The Dow Jones Industrial Average (DJIA) jumped to record levels – over 15,000 – today after a favorable U.S. jobs report showed 165K new jobs and a drop in unemployment to 7.5%. Politicians, economists, business leaders and investors were buoyed by economic improvements and the hope for further growth. A higher stock market is considered a great ointment for what has hurt America the last several years.
But there's a big, ugly fly in this ointment. While the indices are rising, revenues at many very large, key component companies are actually declining. And possibly worse, the revenue growth rate for large companies has been declining for at least 3 years.
As the chart shows, Caterpillar has led the revenue decline, dropping a whopping 17.5% year-over-year. But noteworthy declines included JPMorganChase dropping 15.5%, Pfizer down 12.4% and Merck down 9%. It's hard to imagine a great long-term bull market when revenues are distinctly going in a bearish direction for several stalwart companies.
It is also important to note that the rate of DJIA growth has declined markedly. In 2011 first quarter growth was 11.4% over 2010. But 2012 was only 9.4% over 2011 and 2013 came in only a paltry 3.8% over 2012. Ouch! Clearly, jobs growth will not be sustained if these organizations cannot put more money on the top line.
So why aren't these companies growing?
For companies to grow they must invest in new products, new markets and the resources to sell and deliver these new products and new markets. And that creates jobs. Think about easy to identify revenue successes like Apple (iPads,) Samsung (smartphones,) Amazon.com, Netflix, Tesla, Facebook. Proper investment leads to revenue growth opportunities.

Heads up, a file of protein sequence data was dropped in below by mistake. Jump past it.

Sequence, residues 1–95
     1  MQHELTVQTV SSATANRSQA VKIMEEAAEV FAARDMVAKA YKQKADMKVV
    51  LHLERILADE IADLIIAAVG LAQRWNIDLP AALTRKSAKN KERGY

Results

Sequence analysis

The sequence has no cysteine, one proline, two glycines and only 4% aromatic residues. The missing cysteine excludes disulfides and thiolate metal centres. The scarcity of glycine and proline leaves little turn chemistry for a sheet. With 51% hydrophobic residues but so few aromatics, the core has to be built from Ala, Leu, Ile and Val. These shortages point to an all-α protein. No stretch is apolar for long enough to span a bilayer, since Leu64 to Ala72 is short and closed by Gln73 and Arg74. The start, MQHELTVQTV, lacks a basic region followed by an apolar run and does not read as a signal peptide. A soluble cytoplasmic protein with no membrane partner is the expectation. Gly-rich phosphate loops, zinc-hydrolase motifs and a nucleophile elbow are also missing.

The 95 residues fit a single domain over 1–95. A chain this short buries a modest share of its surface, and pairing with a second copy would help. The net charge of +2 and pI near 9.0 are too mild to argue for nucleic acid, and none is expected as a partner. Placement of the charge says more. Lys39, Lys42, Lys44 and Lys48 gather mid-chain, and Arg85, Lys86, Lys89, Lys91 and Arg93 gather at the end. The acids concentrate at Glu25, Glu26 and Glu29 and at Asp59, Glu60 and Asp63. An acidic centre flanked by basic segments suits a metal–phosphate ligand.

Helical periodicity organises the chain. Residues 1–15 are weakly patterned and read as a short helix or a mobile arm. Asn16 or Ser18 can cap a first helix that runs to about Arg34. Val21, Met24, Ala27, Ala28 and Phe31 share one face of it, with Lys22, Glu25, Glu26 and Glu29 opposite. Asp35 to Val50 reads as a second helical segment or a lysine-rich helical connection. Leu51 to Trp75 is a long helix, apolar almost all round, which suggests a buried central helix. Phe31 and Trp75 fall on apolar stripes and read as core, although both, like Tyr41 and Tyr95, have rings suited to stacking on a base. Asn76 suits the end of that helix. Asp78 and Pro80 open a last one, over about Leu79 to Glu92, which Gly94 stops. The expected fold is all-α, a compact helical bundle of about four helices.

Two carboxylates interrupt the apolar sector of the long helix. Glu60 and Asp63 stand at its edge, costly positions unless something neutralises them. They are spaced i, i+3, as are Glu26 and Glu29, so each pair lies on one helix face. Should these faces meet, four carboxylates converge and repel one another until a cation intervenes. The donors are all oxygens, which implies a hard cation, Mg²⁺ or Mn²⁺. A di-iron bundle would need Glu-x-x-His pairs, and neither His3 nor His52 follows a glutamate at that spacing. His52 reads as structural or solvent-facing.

But, unfortunately, America's leaders have reduced their investment in growth projects the last 15 years. Instead, they've been giving more money to investors — and increasingly dumping money into stock buybacks that manipulate price and help improve management bonuses!
Source: Business Insider 4/8/13; Sam Ro; Reproduced from Goldman Sachs Research
As the chart demonstrates, in 1998 42% of corporate cash was reinvested into the means of production – which creates growth. Today this has declined to only about 1/3 of available cash; a whopping 25% decline! Additionally, R&D investments which should lead to new products and higher sales, dropped from 16% of cash used a decade ago to a more meager 12%!
Where has the money gone? 13% of cash was going directly to investors, who could then invest in other companies with higher rate of return growth projects. That number has risen to 18%, which is inherently a good thing as we can hope a lot of that has been re-invested in other companies.
But 13-17% used to be spent on stock buybacks, which create no revenue or economic growth. All share buybacks do is exchange cash for shares, reducing the number of shares and changing metrics like earnings per share and thus the price/earnings (P/E) multiple. It does not create any new investment. That number has risen to a staggering 22-34% of revenues!
Net/net, in the not too distant past America's leaders were putting 70-74% of their cash to work by investing in growth projects. And 12% was going to investors for projects elsewhere. By in the mid-1990s this reinvestment rate declined to 52-55%, ushering in the Great Recession. After improving this rate has started declining again, and remains stuck no better than 60% of cash. Coupled with the 5% increase in cash being robbed from growth projects to buy back stock, the net reinvestment remains mired at 55%!
American's want jobs and a growing economy. As do people everywhere! We are excited when we see improvement. But today, the ugly horsefly in the ointment is the lack of revenue growth – and the lack of investment in growth projects. Until business leaders begin putting their corporate cash hoards into growth projects again the long-term outlook remains problematic, even if the market is hitting record DJIA highs.